Throw your wetsuit—with your body still shrink-wrapped inside—in the dryer and then set it on “delicate.” That’s what it feels like to move into a little bohemian house in Paia with a roommate I’ll call Moonbeam. Yeah, we all make mistakes, but you really can’t blame anybody but yourself when at 22 you decide to move into a beach house with a hyperactive hippie more than twice your age.
“Oh yeah, I’m up at five every morning,” she said in between mouthfuls of organic spinach salad while I was absent-mindedly signing the lease about three months ago. “I like to hit the surf at sunrise, come home and nap, and then recharge my mana with some afternoon yoga. In the evenings I have a trip hop/jazz fusion dance class. I like to stay busy. So, I mean, you will hardly ever see me. You’ll practically have the place to yourself.”
“Good.” I said. “I like it quiet. Don’t worry about me either, I’m a freelance writer. Working on a lot of little projects. I’ll pretty much keep to myself.”
Twenty-four hours later I’m walking in from my first trip to the grocery store.
“What’d you get?” Moonbeam is chanting. “What’d you get? What’d you get?”
She starts rifling though my grocery bags like a toddler in a toy store. Suddenly, her flapping eyelids freeze. Lying exposed on the counter are some turkey cold cuts. She looks like she’s staring at her own dead fetus.
The next day, on a muggy 90-degree afternoon in July, the bathroom door swings open while I’m inside shaving. Moonbeam’s wispy, 110-pound frame stands there, doing its best to look all yoga toned, natural and enlightened. Slivers of light reflect in a dizzying myriad off her red-orange, surf-tangled hair.
“Are you strong?” She asks.
“Nope,” I say.
“Well, good,” she says. “You don’t need to be. I just need someone to help me get up on the roof. I think the wind blew the satellite dish over. I was right in the middle of Sex in the City—it was a good one, too. Can you help me? Pleeeese?”
My eyes tilt lazily from her doughy, incense-smoke wrinkled face to her too-short-for-a-19-year-old miniskirt to her glimmering belly ring.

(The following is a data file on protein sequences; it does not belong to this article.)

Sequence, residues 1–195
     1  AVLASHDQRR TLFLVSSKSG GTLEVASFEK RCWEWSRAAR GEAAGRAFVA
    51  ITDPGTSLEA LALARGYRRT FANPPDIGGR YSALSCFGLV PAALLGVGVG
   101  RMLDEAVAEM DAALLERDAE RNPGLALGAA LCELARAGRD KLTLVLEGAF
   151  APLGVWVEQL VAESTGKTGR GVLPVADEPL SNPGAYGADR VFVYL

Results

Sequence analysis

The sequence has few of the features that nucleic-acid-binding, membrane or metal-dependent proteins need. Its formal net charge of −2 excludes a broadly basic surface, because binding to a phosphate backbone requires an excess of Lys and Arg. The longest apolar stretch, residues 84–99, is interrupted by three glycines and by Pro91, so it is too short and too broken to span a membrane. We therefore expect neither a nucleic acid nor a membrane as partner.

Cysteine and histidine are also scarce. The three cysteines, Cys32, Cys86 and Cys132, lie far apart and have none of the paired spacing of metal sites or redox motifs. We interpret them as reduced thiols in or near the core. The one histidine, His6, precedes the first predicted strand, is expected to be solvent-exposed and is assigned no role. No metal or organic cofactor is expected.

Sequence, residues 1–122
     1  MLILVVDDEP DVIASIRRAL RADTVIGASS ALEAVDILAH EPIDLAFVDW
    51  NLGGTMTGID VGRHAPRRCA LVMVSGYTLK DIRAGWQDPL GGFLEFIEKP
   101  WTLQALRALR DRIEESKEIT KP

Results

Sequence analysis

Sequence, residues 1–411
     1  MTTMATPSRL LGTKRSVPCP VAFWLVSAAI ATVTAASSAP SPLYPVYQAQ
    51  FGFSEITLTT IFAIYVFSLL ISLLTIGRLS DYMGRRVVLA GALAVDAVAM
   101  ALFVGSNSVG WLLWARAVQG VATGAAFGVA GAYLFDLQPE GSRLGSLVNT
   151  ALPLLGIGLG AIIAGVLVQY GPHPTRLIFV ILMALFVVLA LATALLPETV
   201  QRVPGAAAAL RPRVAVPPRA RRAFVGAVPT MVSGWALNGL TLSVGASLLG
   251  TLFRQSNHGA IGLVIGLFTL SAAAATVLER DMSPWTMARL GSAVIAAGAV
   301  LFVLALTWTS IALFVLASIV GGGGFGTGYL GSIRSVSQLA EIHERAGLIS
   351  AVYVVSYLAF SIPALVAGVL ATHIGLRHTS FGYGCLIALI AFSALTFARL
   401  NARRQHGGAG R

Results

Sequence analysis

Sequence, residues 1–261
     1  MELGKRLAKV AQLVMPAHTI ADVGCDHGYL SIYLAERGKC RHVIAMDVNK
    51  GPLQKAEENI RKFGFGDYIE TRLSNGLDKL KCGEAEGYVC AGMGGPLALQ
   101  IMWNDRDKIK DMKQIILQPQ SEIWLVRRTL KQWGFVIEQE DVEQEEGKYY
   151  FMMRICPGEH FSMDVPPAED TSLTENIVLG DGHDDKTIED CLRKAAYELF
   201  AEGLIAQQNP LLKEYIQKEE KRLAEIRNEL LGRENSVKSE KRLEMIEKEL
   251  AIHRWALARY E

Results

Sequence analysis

“You going up in that?” I ask.
“Don’t be such an old fart,” she says, tugging like a child at my shirt. “Just hold the ladder for me.”
I know what’s going to happen. A short skirt sashaying up a ladder can only mean one thing: a panoramic view of what’s rarely seen with the lights on, let alone in the light of day.
Believe me, I never wanted to look. The woman is old enough to be my mother.
But I’m a moderately young male. If there’s a skirt above eye level, my brainstem just takes over. My neck cranes back and before I can say, “Oh dear God, what have I done?” it’s too late.
I spent the next two days with a 30-pack of Coors Light trying to erase my memory. It didn’t work, and she gave me hell for not recycling.
As I’m folding laundry the very next morning, Moonbeam chirps in from across the hall.
“We need to talk,” she says. “It’s about your eating habits.”
If you’ve read Fast Food Nation, you know how the conversation went. We decided that I should probably cook outside for the remainder of my stay. Steaks taste better over charcoal anyway.
If only habitual barbecuing were the least of my worries. In the ensuing days she suggested I should have refused to vote for a president, as a form of protest, or at the least wasted my vote on Ralph Nader and the Green Party.
She suggested that I not drink, because alcohol is a form of government control, being the last widely available, legal drug besides caffeine. Moonbeam told me I should avoid coffee, too, unless I spend the extra $4 on organic coffee grounds. Funny thing is she has no problem with smoking copious amounts of pot, or selling it to high school kids, but that’s okay because it’s organic.
I’m a liberal guy, but I couldn’t help thinking this was just wrong. One the one hand, there are peace loving, abstract, inner child types who you might smoke a dime bag with at a music festival. But then there are people like Moonbeam: entrepreneurial, self-centered, jump down your throat yuppies in disguise who would prefer fitting in with a clique than having a little compassion for their fellow human beings.
Of course, maybe I’m just biased for spending so much time with Moonbeam. MTW